we’d have an NDP-led coalition right now (unless the CPC drastically revised the budget they came back with, but they’d undoubtedly fall within another year or so).

        That’s why there’s been so much grousing and unease about the letter and the state funeral: because it may wake the sleeping giant of the apolitical generations.

        • The Doctor says:

          Once again, the long-awaited game-changer!

          I think this must be purported game-changer #22, or something like that. I’ve lost count.

  9. frmr disgruntled Con, now Happy Liberal says:

    I think before any talk of merger takes place, the Liberal party needs to get its house in order….which under Bob Raes leadership, appears to be taking place(if anyone has dropped by liberal.ca

    lately) with the appearance of the grass roots now at least being listened to. I would hate to think that the Liberal Party would have to go and discuss merger with the NDP cap in hand…..ensuring that the

    leader of the combined party would be coming from the NDP….as a former red tory, I know how well that worked out for Progressive Conservatives in the CA/PC merger.

    Personally, Im not for it(once bitten, twice shy) but in the end it may be the only solution to stop Harper’s teabagger branch plant north…..

  10. Cath says:

    I don’t think the Liberals need the NDP – however keep this kind of stuff up and it’s going to become pretty clear that the NDP might want to hang on to something as their ship begins it’s sink.

    http://news.nationalpost.com/2011/09/04/tories-seek-investigation-of-alleged-ndp-elections-act-violation/

  11. Tim says:

    I’d just remind everyone that, as stated by a reader above, the NDP didn’t kill the one promising chance at unity which emerged after the 08 election. Liberals did. Unilaterally. Layton did indeed favour cooperation, though not a merger per se.

    It’s actually insane to contemplate what happened. At the very last moment, Liberals broke a signed deal to depose their duly elected, progressive leader (Dion) in order to undemocratically crown by executive Fiat a right-leaning leader who had no mandate from Liberals, let alone Canadians. The same leader, incidentally, who they could have simply elected in the same leadership race which the deposed leader won in 2006.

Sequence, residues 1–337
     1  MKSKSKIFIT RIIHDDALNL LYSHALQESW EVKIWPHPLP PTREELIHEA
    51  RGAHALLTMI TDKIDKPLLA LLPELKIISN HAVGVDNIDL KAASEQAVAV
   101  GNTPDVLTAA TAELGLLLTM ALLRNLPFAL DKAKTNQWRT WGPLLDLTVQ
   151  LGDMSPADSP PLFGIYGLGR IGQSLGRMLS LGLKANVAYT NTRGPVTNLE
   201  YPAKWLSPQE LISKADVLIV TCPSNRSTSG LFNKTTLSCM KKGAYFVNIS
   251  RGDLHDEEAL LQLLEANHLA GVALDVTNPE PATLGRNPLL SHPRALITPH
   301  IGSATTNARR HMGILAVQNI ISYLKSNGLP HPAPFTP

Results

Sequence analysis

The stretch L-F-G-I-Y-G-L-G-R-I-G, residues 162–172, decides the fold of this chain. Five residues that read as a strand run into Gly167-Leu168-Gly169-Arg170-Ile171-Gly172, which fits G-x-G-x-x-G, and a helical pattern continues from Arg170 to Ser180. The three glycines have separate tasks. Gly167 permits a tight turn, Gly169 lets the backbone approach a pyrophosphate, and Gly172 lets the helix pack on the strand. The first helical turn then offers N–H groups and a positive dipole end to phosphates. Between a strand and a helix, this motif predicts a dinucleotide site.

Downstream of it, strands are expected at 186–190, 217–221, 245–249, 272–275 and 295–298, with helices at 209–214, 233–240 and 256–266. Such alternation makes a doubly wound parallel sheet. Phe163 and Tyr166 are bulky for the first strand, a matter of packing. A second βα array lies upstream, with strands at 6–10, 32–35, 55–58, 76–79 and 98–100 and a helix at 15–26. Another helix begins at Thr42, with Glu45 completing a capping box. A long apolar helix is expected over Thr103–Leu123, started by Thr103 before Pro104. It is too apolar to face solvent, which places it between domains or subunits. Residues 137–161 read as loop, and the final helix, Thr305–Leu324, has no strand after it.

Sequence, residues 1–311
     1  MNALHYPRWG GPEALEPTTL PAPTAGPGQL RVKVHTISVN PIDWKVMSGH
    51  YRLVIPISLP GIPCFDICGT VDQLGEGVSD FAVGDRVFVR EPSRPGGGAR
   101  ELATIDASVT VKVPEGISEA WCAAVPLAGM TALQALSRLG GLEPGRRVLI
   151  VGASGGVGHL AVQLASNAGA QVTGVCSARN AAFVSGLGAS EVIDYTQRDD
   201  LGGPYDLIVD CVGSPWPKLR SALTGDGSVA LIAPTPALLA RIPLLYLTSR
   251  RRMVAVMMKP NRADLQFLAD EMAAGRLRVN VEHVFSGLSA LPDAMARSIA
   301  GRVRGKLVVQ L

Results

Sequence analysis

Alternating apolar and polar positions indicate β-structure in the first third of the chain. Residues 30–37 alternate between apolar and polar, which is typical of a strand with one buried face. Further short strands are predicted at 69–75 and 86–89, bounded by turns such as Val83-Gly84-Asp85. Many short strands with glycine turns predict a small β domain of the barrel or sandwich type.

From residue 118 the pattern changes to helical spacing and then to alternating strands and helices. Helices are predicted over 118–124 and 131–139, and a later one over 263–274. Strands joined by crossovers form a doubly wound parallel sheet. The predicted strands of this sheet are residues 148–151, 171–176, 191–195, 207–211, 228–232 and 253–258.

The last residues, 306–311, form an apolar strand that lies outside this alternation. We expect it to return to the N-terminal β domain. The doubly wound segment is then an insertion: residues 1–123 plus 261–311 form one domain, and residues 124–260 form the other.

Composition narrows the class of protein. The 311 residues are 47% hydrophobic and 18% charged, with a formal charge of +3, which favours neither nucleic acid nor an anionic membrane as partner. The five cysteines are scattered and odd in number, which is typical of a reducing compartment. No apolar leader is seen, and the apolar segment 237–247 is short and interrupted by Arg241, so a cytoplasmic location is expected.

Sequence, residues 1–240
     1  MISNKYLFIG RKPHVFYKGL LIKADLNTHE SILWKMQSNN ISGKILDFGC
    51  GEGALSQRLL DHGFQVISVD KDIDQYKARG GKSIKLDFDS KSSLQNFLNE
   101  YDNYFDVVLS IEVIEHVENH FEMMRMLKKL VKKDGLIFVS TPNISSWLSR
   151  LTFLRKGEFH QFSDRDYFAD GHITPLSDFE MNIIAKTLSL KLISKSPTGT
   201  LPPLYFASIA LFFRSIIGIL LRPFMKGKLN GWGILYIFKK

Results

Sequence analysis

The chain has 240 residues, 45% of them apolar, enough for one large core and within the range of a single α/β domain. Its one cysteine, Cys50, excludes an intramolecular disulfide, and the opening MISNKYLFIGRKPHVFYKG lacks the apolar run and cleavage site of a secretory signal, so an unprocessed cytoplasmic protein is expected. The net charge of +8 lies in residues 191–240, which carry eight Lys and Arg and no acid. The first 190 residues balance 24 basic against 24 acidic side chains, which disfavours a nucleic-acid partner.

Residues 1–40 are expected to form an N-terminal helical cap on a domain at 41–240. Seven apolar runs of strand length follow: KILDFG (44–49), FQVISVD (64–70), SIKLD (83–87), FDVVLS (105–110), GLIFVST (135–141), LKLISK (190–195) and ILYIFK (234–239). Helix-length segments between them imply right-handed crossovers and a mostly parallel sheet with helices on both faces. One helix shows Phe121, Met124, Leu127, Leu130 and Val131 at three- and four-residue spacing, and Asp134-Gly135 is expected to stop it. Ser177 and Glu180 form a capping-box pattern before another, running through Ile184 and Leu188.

Honestly, all partisanship (I’m a New Democrat) aside, it just doesn’t make any sense. For the life of me, I still don’t get in even a basic way why the LPC acted so irrationally during that period. All subsequent events, up to and including the 2011 debacle/miracle (depending on one’s affiliation) stem from that one imbecilic decision.

    This isn’t mere disunity… it’s insanity, the political equivalent of manic depression.

    I’d gladly work in a coalition or, depending on the circumstances, even a merger. But until the LPC decides its not better than everyone else on the centre-left of the political spectrum, it’s going to be tough. We proposed, signed and abided by a deal in 2008 and got burned hard. For no good reason and to enduringly disastrous effect. It will take time and goodwill for Liberals to regain credibility with other progressives.

    Now we’re about to embark on two, simultaneous leadership races. I hate to say it, but it’s possible, just possible we won’t learn the lesson – just like the right – until we get our asses kicked a few more times. In politics, as in life, sometime nothing focuses the mind so effectively as taking a real nasty beat-down.

    Until then, I lament for our country.

  12. Jason Stone says: